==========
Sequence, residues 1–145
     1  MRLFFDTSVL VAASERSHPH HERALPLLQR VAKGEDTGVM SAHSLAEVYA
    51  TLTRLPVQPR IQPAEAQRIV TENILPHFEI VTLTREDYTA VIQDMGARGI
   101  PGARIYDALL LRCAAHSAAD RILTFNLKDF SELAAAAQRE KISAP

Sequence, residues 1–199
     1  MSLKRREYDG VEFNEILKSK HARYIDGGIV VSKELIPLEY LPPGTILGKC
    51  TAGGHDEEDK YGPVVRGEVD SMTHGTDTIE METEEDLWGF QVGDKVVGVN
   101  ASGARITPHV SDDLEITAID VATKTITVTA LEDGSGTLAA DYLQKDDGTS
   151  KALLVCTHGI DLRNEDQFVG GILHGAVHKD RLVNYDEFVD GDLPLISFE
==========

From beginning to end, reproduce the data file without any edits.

Sequence, residues 1–145
     1  MRLFFDTSVL VAASERSHPH HERALPLLQR VAKGEDTGVM SAHSLAEVYA
    51  TLTRLPVQPR IQPAEAQRIV TENILPHFEI VTLTREDYTA VIQDMGARGI
   101  PGARIYDALL LRCAAHSAAD RILTFNLKDF SELAAAAQRE KISAP

Sequence, residues 1–199
     1  MSLKRREYDG VEFNEILKSK HARYIDGGIV VSKELIPLEY LPPGTILGKC
    51  TAGGHDEEDK YGPVVRGEVD SMTHGTDTIE METEEDLWGF QVGDKVVGVN
   101  ASGARITPHV SDDLEITAID VATKTITVTA LEDGSGTLAA DYLQKDDGTS
   151  KALLVCTHGI DLRNEDQFVG GILHGAVHKD RLVNYDEFVD GDLPLISFE